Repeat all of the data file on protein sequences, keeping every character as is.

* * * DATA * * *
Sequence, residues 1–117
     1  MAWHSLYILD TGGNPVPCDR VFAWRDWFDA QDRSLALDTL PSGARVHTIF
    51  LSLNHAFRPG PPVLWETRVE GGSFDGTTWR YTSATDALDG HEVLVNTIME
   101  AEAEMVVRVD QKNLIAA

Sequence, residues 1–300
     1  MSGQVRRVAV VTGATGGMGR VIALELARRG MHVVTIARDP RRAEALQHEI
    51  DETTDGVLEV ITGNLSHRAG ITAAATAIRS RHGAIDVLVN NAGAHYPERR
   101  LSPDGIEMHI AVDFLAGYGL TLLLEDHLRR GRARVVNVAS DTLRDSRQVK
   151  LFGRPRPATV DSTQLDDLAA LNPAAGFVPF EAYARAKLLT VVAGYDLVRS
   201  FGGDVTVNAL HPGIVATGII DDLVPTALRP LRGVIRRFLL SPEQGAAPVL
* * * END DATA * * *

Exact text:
Sequence, residues 1–117
     1  MAWHSLYILD TGGNPVPCDR VFAWRDWFDA QDRSLALDTL PSGARVHTIF
    51  LSLNHAFRPG PPVLWETRVE GGSFDGTTWR YTSATDALDG HEVLVNTIME
   101  AEAEMVVRVD QKNLIAA

Sequence, residues 1–300
     1  MSGQVRRVAV VTGATGGMGR VIALELARRG MHVVTIARDP RRAEALQHEI
    51  DETTDGVLEV ITGNLSHRAG ITAAATAIRS RHGAIDVLVN NAGAHYPERR
   101  LSPDGIEMHI AVDFLAGYGL TLLLEDHLRR GRARVVNVAS DTLRDSRQVK
   151  LFGRPRPATV DSTQLDDLAA LNPAAGFVPF EAYARAKLLT VVAGYDLVRS
   201  FGGDVTVNAL HPGIVATGII DDLVPTALRP LRGVIRRFLL SPEQGAAPVL